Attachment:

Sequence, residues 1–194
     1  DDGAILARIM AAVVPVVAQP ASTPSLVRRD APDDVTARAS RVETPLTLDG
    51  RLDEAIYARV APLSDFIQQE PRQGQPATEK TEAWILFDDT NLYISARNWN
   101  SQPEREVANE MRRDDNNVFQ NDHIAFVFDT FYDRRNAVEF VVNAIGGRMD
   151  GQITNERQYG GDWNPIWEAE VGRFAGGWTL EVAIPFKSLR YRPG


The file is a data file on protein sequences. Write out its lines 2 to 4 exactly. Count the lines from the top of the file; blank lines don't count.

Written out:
     1  DDGAILARIM AAVVPVVAQP ASTPSLVRRD APDDVTARAS RVETPLTLDG
    51  RLDEAIYARV APLSDFIQQE PRQGQPATEK TEAWILFDDT NLYISARNWN
   101  SQPEREVANE MRRDDNNVFQ NDHIAFVFDT FYDRRNAVEF VVNAIGGRMD